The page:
So, on controlling inflation that affects common people, this Budget is unsatisfactory.
Officials argue that the control of the fiscal deficit and the moves to fiscal consolidation will help to contain inflation - but this is a tenuous argument.
In any case, the attempt to control the fiscal deficit by restraining expenditure has other adverse effects, which relate to the second issue that matters for the ordinary citizen: the chances for gainful employment.
Cutting public spending has negative effects on other economic activities because it operates to reduce demand for them. This in turn affects both employment prospects - so here too, there is little to cheer about.
The inadequacy of public services in health and education is very well-known, but they are also strongly related to the fact that the government simply does not provide enough resources for quality service provision. Total social expenditure (on plan and non-plan accounts) is projected to increase by less than Rs 3500 crores, which amounts to a decline in real terms (relative to projected inflation) as well as a drop in terms of share of GDP compared to the current year (from 2 per cent to 1.8 per cent).
If per capita real spending is considered, the decline is especially sharp. So, here too, at least in terms of budgetary outlays, we cannot expect better social services in the coming year.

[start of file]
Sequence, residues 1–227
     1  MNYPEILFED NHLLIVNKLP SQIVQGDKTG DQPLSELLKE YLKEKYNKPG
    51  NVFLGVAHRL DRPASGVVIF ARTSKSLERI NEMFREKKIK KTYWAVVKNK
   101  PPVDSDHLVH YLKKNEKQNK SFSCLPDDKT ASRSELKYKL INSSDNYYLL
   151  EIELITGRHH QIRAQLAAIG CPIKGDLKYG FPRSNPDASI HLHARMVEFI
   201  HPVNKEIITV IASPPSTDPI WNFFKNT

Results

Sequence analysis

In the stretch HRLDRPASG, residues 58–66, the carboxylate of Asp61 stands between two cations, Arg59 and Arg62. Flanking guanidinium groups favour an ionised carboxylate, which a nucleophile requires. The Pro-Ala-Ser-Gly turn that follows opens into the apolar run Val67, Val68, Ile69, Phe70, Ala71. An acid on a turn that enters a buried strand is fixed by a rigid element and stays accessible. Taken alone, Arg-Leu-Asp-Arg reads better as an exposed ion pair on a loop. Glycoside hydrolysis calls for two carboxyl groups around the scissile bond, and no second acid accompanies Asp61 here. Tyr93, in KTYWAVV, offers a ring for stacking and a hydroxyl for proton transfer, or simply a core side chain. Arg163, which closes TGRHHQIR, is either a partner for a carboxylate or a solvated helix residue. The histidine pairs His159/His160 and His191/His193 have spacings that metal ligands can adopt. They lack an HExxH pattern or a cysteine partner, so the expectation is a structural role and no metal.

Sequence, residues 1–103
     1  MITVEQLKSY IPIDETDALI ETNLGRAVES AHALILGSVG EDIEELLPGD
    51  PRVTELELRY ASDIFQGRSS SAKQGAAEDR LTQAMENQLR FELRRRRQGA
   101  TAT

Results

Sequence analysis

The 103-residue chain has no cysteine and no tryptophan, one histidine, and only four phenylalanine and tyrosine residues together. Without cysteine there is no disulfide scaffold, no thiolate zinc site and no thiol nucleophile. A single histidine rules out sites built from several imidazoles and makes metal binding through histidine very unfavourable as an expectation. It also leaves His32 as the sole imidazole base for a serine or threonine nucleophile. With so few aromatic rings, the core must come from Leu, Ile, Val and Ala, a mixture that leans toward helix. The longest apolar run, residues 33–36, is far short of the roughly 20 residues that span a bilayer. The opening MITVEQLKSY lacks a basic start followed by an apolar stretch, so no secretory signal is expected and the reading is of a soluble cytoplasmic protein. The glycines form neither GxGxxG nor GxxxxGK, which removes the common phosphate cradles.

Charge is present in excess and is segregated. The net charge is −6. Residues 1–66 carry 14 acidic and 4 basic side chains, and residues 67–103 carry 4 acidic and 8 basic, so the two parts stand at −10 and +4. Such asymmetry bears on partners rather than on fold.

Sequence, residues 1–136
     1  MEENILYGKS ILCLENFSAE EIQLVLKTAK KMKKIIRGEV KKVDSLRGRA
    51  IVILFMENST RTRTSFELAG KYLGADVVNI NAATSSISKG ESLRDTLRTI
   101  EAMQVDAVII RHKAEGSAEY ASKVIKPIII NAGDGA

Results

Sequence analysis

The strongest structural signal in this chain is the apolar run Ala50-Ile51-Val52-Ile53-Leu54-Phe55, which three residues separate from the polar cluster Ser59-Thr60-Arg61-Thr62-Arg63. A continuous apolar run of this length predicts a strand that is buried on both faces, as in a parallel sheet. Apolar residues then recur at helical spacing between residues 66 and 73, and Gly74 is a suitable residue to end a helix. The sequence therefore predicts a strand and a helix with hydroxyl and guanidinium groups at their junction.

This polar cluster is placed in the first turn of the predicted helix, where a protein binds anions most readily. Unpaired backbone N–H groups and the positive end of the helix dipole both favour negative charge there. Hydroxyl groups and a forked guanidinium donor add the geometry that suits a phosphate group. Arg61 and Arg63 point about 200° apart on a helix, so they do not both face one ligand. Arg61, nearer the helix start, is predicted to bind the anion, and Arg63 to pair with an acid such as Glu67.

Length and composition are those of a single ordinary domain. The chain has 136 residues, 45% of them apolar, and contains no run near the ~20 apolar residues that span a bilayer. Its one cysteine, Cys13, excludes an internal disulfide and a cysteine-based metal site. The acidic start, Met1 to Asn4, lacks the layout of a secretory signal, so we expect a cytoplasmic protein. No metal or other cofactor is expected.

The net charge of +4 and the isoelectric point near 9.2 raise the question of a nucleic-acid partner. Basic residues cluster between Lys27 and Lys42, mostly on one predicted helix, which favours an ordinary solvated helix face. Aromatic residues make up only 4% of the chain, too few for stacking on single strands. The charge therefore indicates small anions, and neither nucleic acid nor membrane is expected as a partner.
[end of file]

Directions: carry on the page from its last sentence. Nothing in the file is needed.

Physical infrastructure ultimately depends on the capital spending of the government - but the Budget anticipates that capital expenditure as a share of GDP will fall from the already low 1.7 per cent of GDP in the current year to only 1.2 per cent of GDP!
This would be one of the lowest such ratios in an economy that is already lagging significantly behind other countries like China in this regard. The UPA government is obviously hoping that the private sector will meet the slack, though the evidence so far suggests that this is not likely to happen.
So why are the stock markets and foreign investors celebrating?
Because it turns out that, even though this Budget may not contain much for common people, it provides many benefits to domestic and foreign companies as well as richer groups in society.
There is the clear statement of intent to work for fiscal consolidation, which is generally welcomed by finance.
There are various reductions in direct taxes, both corporate and personal income taxes.
There are lots of tax sops to foreign investors, especially for infrastructure bonds.
There are incentives that will further fuel the current housing bubble.
There are other goodies to encourage private investors, who are seen as the only important engine of growth.
So the income distribution impacts of this Budget will definitely be adverse.
It is surprising that the central government does not seem to be conscious of how this can in turn affect society and politics.
The current turmoil in the Middle East as well as other developing regions should be sending a strong message that very unequal and apparently unjust economic policies create their own backlash. The lack of such awareness in the government is therefore bad news not just for itself, but for the entire population.
Renowned economist Jayati Ghosh is the Professor of Economics at the Jawaharlal Nehru University in New Delhi. She is also a member of the National Knowledge Commission set up by the Indian Prime Minister.